Regional newsrooms will be freed up to chase local stories after independent newswire Australian Associated Press received a $15 million federal budget boost.
AAP will receive the first of two $7.5 million payments before the end of this financial year, with the other half set to flow in 2021/22.
The national newswire provides content to hundreds of newspapers, websites, TV channels and radio stations with many based in regional Australia.
Communications Minister Paul Fletcher said the money would allow AAP to provide regional, national and international news to outlets across the nation.
"This allows regional media businesses to concentrate on covering local news stories that are important to their communities," he said on Tuesday.
The 86-year-old newswire almost died last year after its major shareholders decided to pull the pin on the trusted news source.
But philanthropists stepped in to save AAP which still suffered massive job losses and an ongoing fight for financial security.
AAP chief executive Emma Cowdroy said the grant would help the organisation on a path to sustainability after being excluded from the media bargaining code.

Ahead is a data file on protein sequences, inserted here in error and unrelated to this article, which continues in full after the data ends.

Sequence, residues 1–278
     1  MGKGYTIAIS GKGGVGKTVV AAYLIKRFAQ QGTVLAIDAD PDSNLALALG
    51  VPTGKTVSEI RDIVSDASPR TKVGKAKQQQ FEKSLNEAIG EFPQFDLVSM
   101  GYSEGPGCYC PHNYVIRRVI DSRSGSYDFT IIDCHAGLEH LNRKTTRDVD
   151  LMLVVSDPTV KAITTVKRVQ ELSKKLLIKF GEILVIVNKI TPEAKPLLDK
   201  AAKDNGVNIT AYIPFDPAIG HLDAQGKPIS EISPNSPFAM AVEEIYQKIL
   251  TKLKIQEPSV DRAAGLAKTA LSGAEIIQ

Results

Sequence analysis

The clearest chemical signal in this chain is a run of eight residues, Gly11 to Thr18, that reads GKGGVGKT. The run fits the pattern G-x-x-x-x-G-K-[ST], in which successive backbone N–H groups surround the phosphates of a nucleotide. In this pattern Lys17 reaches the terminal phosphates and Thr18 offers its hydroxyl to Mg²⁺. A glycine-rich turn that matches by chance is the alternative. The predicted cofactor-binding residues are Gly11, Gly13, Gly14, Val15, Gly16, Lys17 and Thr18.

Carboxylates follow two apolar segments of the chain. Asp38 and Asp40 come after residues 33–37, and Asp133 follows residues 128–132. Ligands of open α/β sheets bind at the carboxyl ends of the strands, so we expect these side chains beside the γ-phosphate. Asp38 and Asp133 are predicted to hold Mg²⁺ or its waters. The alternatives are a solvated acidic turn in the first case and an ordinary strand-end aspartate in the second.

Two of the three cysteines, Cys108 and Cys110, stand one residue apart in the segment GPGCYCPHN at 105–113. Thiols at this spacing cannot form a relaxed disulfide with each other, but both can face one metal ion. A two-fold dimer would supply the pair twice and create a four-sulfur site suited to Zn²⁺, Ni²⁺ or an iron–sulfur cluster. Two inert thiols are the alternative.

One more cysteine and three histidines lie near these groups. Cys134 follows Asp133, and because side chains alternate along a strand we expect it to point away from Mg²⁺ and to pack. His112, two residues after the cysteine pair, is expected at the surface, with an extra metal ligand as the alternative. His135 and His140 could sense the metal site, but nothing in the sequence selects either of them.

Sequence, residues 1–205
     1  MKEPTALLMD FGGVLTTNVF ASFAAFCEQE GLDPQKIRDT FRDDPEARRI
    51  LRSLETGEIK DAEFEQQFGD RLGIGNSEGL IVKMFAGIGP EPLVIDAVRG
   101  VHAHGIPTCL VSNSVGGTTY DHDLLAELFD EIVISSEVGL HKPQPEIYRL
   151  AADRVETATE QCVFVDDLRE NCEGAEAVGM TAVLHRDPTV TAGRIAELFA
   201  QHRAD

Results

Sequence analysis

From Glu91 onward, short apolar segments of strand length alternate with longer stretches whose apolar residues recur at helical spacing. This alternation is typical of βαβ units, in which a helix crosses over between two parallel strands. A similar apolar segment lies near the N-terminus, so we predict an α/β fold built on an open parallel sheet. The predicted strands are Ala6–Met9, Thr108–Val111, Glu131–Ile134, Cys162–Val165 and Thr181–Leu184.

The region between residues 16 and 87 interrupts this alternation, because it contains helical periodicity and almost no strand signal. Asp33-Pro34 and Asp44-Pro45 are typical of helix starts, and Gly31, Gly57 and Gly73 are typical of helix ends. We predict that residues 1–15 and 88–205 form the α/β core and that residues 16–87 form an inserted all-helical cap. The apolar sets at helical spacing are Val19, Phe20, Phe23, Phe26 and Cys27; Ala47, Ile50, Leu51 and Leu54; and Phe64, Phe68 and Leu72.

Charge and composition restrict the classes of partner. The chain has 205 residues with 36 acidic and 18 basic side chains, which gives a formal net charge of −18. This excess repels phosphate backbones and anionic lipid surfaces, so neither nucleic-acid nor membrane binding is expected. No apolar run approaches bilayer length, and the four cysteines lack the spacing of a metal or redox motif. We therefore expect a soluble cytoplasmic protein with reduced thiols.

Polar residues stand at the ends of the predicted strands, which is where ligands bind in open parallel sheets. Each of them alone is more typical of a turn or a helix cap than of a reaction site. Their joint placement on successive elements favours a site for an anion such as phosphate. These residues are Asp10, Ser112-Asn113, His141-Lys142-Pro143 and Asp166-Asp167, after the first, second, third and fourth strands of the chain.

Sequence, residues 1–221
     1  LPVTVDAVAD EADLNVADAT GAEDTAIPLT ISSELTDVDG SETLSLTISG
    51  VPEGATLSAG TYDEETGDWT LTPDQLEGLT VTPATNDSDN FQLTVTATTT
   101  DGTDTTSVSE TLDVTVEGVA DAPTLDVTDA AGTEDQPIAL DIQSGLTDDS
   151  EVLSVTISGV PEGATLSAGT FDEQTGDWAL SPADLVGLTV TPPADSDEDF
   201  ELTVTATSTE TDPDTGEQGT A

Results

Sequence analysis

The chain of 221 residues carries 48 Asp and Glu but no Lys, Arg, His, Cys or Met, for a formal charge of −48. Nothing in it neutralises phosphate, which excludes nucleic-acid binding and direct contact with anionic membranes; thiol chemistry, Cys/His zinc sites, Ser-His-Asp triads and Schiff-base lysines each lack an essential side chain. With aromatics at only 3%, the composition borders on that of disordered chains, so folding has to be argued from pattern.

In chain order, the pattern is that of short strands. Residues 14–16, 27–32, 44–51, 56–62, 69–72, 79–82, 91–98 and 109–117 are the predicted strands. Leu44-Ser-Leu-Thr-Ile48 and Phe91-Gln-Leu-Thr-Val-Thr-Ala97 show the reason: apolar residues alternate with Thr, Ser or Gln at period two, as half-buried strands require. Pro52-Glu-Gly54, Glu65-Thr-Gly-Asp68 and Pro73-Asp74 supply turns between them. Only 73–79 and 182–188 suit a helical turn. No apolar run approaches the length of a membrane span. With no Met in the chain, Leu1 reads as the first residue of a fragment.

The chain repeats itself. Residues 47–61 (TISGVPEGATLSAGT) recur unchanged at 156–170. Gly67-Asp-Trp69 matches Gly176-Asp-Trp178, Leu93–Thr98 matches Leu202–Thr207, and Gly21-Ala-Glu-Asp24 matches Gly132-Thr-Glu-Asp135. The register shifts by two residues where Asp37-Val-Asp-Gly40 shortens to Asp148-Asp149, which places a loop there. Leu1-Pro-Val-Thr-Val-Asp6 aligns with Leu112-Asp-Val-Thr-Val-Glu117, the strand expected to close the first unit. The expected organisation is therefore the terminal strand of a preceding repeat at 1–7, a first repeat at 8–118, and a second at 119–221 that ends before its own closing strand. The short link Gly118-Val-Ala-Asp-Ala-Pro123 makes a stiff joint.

"Most people only know AAP as a small acronym beneath a photo or beside an article, but without the newswire there would be a significant void in Australia's news offering," she said.
"The AAP newswire is an essential part of our democratic infrastructure. Supporting the national newswire means supporting the industry as a whole."
The funding brings the now not-for-profit AAP into line with newswires around the world, with the bulk relying on government support.
AAP chair Jonty Low said the government was supporting a key pillar of Australia's media diversity.
"On behalf of all of AAP's staff, the hundreds of news outlets that rely on our stories and images and the millions of people who consume it each week, I would like to warmly thank the Prime Minister Scott Morrison and Communications Minister Paul Fletcher."
The government will also spend $8 million over two years on community radio with 450 broadcasters set to benefit.
More than $4 million has been allocating to implementing the news media bargaining code.
Australian Associated Press